- Jake

Friends come and go. Enemies accumulate.

by JakeS (JangoSierra 'at' gmail 'dot' com) on Wed Dec 2nd, 2009 at 04:16:41 PM EST
[ Parent ]
Xenophobia and racism are very possibly the default popular positions. It takes a lot of political effort to overcome them.

Don't forget the dimension of time - something that any culture of influence in the modern world doesn't take into account.

It's easy to call the average person an idiot, but compared to the average person from 1000 years ago, maybe not so much, and folks back then didn't have to contend with radically efficient mass propaganda.

Complaining about the tribalism of the Swiss is so much pissing in the wind - we either invent a pan-human identity or this sort of thing will continue until we all perish. Fran took a decent middle ground with her comment, and while proximity1 deserved the abuse he got for his poor attitude, the counter-argument was nothing more than idealism.

you are the media you consume.

by MillMan (millguy at gmail) on Thu Dec 3rd, 2009 at 04:32:05 AM EST
[ Parent ]
MillMan:
invent a pan-human identity

I'm all in favour. But forgive me if I say that sounds to me like... idealism.

by afew (afew(a in a circle)eurotrib_dot_com) on Thu Dec 3rd, 2009 at 04:43:00 AM EST
[ Parent ]
If you have resources, anything is possible. You'd invent a pan human identity by enforcing cross-cultural and cross-economic mixing from an early age.

You create tribalism by limiting out-group experience, and creating narratives that de-humanise anyone outside the tribe.

That's the social and cultural default - it's what happens if you don't apply pressure.

To prevent that pressure, you have to enforce the opposite.

There's nothing idealistic about this. It takes time, money, and political energy, but it's not unpossible - as long as you have those resources.

by ThatBritGuy (thatbritguy (at) googlemail.com) on Thu Dec 3rd, 2009 at 10:35:30 AM EST
[ Parent ]
Cue in our earlier discussion on legal positivism.

I also see parallels with the Great Danish Cartoon Controversy. I would guess most people would either have

  1. defended the cartoons on the grounds of freedom of speech and defends the minaret ban on the grounds of direct democracy; or
  2. denounced the cartoons on and the minaret ban on grounds of minority human rights.

So, I am curious: is there anyone reading this who either
  1. defended the cartoons but denounces the minaret ban; or
  2. denounced the cartoons but defends the minaret ban?


En un viejo país ineficiente, algo así como España entre dos guerras civiles, poseer una casa y poca hacienda y memoria ninguna. -- Gil de Biedma
by Migeru (migeru at eurotrib dot com) on Wed Dec 2nd, 2009 at 08:41:59 AM EST
[ Parent ]
Intersting poll.

Me on 1.

by Nomad on Wed Dec 2nd, 2009 at 09:20:52 AM EST
[ Parent ]
Which 1 ? ;)
by afew (afew(a in a circle)eurotrib_dot_com) on Wed Dec 2nd, 2009 at 03:48:07 PM EST
[ Parent ]
I'm unequivocally in favour of printing silly pictures of religious "authorities" - including, but not limited to Mohammad.

But I'm lukewarm at best towards the idea of banning explicitly religious architecture (a case can be made, but it's not a very convincing one), and banning minarets explicitly without touching Christian belltowers is chauvinistic bullshit.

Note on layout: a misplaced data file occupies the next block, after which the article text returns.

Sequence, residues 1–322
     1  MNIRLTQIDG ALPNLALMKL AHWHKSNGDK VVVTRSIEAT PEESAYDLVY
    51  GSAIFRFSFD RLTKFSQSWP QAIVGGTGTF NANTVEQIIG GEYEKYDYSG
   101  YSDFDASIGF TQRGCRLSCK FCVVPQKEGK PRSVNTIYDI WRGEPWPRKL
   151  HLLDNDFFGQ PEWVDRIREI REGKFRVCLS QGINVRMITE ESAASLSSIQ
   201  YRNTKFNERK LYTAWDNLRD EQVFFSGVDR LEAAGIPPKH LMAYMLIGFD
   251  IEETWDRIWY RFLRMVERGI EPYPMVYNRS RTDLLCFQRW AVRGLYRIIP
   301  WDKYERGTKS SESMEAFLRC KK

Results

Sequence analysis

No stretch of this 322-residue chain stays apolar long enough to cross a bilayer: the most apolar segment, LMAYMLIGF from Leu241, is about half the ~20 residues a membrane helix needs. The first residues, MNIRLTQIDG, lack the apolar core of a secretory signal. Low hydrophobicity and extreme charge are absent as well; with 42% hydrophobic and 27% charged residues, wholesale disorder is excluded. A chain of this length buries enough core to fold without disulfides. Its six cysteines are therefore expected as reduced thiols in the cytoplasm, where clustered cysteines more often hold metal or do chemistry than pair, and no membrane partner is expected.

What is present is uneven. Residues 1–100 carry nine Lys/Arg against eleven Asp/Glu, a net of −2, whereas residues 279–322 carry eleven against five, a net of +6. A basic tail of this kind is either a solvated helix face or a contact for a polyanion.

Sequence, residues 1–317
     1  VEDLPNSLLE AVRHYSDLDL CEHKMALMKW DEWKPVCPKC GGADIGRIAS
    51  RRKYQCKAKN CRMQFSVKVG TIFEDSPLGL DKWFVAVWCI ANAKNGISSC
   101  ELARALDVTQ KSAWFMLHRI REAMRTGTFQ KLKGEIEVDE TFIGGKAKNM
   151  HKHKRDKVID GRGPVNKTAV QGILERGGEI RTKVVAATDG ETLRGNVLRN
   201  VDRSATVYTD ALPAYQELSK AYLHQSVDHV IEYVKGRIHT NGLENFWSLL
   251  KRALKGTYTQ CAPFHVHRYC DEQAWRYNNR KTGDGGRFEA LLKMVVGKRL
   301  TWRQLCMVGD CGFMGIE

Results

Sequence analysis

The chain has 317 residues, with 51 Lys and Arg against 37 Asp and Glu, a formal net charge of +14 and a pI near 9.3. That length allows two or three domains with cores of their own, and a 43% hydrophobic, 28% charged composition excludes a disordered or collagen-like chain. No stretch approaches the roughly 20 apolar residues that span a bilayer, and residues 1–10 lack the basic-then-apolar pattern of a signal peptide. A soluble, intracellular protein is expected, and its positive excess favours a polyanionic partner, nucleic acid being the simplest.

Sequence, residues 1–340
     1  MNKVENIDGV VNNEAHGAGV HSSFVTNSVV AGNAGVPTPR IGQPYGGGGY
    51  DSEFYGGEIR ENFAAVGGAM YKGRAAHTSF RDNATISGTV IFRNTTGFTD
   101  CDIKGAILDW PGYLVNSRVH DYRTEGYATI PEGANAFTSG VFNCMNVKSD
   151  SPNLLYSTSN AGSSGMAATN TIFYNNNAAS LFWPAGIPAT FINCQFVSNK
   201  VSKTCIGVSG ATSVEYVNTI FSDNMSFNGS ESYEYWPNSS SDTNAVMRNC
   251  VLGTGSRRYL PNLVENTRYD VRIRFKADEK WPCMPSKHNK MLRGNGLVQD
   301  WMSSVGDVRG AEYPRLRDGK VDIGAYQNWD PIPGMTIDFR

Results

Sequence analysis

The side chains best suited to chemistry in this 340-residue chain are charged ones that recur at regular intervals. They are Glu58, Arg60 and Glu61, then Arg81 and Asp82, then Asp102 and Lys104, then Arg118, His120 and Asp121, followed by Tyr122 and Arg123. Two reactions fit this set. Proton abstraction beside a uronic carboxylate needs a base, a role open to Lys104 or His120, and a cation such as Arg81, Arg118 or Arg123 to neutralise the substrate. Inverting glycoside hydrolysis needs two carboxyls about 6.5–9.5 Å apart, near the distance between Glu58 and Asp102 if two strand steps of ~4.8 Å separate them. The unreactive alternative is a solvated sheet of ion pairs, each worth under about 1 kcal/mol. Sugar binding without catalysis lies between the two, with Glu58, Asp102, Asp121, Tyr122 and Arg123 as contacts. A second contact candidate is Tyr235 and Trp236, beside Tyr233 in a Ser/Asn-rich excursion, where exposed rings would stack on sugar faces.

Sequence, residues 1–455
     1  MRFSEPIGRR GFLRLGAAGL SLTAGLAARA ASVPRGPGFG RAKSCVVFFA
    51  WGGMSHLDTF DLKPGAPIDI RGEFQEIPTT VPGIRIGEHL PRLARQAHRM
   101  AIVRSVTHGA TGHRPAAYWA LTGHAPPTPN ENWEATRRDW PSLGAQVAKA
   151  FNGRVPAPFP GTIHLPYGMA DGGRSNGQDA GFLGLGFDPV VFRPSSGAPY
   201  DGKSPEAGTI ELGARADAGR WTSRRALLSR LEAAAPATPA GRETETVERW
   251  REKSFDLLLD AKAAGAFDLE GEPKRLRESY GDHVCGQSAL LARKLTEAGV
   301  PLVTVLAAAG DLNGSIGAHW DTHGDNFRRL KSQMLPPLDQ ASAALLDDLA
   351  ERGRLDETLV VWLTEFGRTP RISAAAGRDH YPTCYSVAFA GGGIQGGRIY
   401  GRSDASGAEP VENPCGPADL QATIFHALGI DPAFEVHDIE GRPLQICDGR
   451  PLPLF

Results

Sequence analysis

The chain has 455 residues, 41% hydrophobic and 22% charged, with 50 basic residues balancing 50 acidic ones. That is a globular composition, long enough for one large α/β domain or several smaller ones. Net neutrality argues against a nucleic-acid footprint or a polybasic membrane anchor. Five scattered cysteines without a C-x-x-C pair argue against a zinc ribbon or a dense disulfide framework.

Now, if the case had been a Muslim community suing to get a local planning statute overturned because their minaret violated a provision about height, architectural style, fire regulations and/or potential noise pollution, then it would have been a different matter. Nobody has a God-given right to construct ugly and/or hazardous buildings.

(Although to be fair, I think a lot of the steel-and-glass office buildings being put up today would be a better target for a ban. Like Starvid says, Peak Architectural Style seems to have been a hundred and fifty years ago...)

- Jake

Friends come and go. Enemies accumulate.

by JakeS (JangoSierra 'at' gmail 'dot' com) on Wed Dec 2nd, 2009 at 01:28:43 PM EST
[ Parent ]
defended the cartoons but denounces the minaret ban

That would be me.

Sticks and stones etc...

by IdiotSavant on Thu Dec 3rd, 2009 at 06:13:49 PM EST
[ Parent ]
If the cartoons were originally published somewhere where it was forbidden - or was planning to be forbidden - I could have defended the publication on freedom of speech grounds.

My view of that conflict was that the right being defended was the right to insult and not have your cheese boycotted. I see no particular right to insult without consequences.

Sweden's finest (and perhaps only) collaborative, leftist e-newspaper Synapze.se

by A swedish kind of death on Fri Dec 4th, 2009 at 06:22:09 AM EST
[ Parent ]
There is somewhat of a conceptual difference between the Saudi King and 57% of the national population.
by vladimir on Wed Dec 2nd, 2009 at 03:30:22 PM EST
[ Parent ]
Want to try a referendum in SA?
by afew (afew(a in a circle)eurotrib_dot_com) on Wed Dec 2nd, 2009 at 03:46:36 PM EST
[ Parent ]
Well, whatever the outcome, it would certainly be more credible.
I'd bet that 95% of the population there would be racist and xenophobic.
by vladimir on Wed Dec 2nd, 2009 at 03:51:02 PM EST
[ Parent ]
The question was on stoning adulterers.
by afew (afew(a in a circle)eurotrib_dot_com) on Wed Dec 2nd, 2009 at 04:08:19 PM EST
[ Parent ]
I'd bet that 95% of the population there would be in favour of stoning adulterers.

You know... if that's how they want to do it, who am I to argue? Their land, their laws.

Did I just say something abhorrent?

by vladimir on Wed Dec 2nd, 2009 at 04:12:01 PM EST
[ Parent ]
At the risk of angering the Godwin Gods, I'd ask whether the Holocaust would have been OK if it had been approved in a free and fair referendum?

Their land, their laws...

- Jake

Friends come and go. Enemies accumulate.